Make Tech Easier: Why Are Browsers Ending Flash Support and How to Access Flash Content Afterwards. “Major browsers have been slowly pulling support for years now, and Adobe itself has announced that it would be stopping development and support in December 2020. This means that within the next year, pretty much no mainstream browsers will be able to access Flash content on the Web. No videos, no games, no vintage Flash sites, nothing. So why exactly is this happening, what’s the timeline, and what do you do if you really need to access some kind of flash content later?”
How-To Geek: How to Play Adobe Flash SWF Files Outside Your Web Browser. “Web browsers are dropping support for Flash, but what if you have an SWF file to open? Never fear: Adobe offers a hidden Flash Player download for Windows, Mac, and Linux. You can open an SWF file outside your browser.”
Slashgear: Flash videos and games are resurrected by Ruffles emulator. “Once the darling of the young Web, Flash eventually became a liability because of its gaping security holes and heavy resource usage. But for all the flack it has received, it’s hard to deny the amount of legitimate and noteworthy content produced using flash, particularly 2D animations and games. To make sure those are never lost forever, one developer has taken upon the rather grueling task of creating Ruffles, the open source WebAssembly Flash emulator.”
ReviewGeek: Everything You Need to Convert Your Cassette Tapes to Digital. “Like all analog formats, cassette tapes decay over time. In fact, it’s likely yours have already lost some fidelity. If you want to save those old mixtapes and home recordings, it’s best to digitize them right away. Thankfully, this is an easy process. You don’t have to be a computer whiz or an audiophile to follow this simple guide. And you shouldn’t have to spend any more than $25 on this project (it’ll probably cost even less).”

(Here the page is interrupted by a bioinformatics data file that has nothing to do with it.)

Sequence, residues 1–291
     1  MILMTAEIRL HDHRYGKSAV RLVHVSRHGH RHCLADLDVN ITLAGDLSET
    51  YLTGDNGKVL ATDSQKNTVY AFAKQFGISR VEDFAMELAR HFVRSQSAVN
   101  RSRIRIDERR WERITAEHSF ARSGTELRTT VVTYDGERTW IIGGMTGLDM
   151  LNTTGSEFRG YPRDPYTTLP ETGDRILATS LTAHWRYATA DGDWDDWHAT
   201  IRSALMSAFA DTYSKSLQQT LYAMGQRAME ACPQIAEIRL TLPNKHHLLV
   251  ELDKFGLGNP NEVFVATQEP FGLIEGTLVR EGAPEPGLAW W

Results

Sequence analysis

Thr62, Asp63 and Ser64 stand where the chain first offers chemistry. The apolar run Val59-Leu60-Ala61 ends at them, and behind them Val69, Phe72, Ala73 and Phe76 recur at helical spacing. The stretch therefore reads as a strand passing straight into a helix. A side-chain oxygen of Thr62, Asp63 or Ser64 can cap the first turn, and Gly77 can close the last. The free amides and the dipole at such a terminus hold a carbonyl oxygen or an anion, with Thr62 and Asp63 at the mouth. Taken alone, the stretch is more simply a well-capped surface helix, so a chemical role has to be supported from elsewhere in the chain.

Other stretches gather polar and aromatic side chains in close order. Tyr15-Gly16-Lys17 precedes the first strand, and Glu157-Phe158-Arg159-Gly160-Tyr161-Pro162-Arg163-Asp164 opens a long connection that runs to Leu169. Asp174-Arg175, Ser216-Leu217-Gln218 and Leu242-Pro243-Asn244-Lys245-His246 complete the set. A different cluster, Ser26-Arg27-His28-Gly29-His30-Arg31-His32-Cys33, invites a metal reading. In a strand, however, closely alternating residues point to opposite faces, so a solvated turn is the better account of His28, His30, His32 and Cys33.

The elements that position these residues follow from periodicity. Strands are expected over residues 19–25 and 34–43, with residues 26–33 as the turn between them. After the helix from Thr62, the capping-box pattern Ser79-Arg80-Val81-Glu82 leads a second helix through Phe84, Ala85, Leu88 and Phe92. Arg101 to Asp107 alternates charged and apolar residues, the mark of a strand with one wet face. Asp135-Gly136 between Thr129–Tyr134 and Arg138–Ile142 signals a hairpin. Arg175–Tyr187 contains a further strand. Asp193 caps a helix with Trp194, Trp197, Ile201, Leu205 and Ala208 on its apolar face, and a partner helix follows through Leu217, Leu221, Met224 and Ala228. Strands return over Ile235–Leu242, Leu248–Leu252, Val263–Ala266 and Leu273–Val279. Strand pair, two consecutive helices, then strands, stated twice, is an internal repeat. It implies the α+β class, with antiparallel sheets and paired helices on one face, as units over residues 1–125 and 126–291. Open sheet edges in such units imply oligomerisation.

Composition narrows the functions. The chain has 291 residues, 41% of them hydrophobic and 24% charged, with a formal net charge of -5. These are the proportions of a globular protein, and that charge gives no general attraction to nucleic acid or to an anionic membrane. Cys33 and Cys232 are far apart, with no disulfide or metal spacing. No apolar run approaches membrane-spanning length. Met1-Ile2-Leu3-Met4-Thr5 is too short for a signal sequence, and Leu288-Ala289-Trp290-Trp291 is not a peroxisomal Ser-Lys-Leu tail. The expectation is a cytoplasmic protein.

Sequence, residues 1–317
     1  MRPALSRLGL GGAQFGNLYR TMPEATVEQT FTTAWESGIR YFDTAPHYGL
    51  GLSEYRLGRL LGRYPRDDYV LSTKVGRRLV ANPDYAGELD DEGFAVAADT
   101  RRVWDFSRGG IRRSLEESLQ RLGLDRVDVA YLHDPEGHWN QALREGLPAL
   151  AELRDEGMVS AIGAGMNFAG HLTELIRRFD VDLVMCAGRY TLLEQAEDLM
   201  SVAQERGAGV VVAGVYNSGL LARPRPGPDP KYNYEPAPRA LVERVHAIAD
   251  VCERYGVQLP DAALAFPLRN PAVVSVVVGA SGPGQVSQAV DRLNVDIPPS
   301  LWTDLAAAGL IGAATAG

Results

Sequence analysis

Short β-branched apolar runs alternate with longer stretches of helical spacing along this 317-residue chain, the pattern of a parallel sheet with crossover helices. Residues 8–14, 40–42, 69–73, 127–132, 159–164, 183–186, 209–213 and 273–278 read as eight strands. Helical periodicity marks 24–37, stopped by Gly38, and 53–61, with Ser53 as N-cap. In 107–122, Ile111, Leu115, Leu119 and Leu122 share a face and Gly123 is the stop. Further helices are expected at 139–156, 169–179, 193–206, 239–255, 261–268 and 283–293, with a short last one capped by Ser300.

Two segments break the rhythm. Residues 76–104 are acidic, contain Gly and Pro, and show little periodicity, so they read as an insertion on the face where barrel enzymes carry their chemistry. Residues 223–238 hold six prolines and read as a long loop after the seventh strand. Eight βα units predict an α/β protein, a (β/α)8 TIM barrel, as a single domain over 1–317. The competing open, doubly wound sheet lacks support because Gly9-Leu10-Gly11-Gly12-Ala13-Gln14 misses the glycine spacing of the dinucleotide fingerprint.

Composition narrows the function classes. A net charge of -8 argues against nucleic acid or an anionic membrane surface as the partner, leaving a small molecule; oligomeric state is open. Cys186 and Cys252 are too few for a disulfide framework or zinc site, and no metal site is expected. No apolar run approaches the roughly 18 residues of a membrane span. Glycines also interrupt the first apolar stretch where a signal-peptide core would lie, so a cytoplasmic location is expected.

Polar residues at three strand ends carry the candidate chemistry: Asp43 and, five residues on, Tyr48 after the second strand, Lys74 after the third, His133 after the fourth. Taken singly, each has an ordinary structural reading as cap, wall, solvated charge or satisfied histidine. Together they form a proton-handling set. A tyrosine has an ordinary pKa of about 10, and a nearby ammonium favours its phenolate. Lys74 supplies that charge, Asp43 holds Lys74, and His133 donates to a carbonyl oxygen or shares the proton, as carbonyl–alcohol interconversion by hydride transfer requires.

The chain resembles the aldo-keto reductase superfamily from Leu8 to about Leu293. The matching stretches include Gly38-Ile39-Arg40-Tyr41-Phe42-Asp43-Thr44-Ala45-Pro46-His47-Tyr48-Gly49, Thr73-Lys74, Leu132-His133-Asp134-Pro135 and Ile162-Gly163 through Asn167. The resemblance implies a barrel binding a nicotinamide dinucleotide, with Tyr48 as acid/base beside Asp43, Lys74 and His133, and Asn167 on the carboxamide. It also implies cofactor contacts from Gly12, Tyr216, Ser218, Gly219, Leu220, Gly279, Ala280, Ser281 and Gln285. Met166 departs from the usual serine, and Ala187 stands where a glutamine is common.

EGM: The Uncertain Future of Video Game History. “In April 2015, P.T. became the most high-profile casualty of digital distribution in recent memory. Released in August 2014 as a PlayStation 4 exclusive ‘playable teaser’ for Hideo Kojima and Guillermo del Toro’s Silent Hills, P.T. became a phenomenon in its own right. Critics showered the brief horror experience with accolades, and YouTubers churned out hundreds of reaction videos. Then, in the wake of a highly public falling out between Kojima and Konami, the publisher cancelled Silent Hills and eventually removed P.T. from the PlayStation Store. Players who didn’t already have a copy downloaded to their consoles lost access to the title forever.” Fascinating deep dive.
Internet Archive: Correct Metadata is Hard: a Lesson from the Great 78 Project. “We have been digitizing about 8,000 78rpm record sides each month and now have 122,000 of them done. These have been posted on the net and over a million people have explored them. We have been digitizing, typing the information on the label, and linking to other information like discographies, databases, reviews and the like. Volunteers, users, and internal QA checkers have pointing out typos, and we decided to go back over a couple of month’s metadata and found problems.”
ABC News (Australia): Decades of history could be ‘erased from Australia’s memory’ as tape machines disappear, archivists warn. “Australia’s memory institutions are racing to digitise their magnetic tape collections before the year 2025, when archivists around the world expect it will become almost impossible to find working tape playback machines.”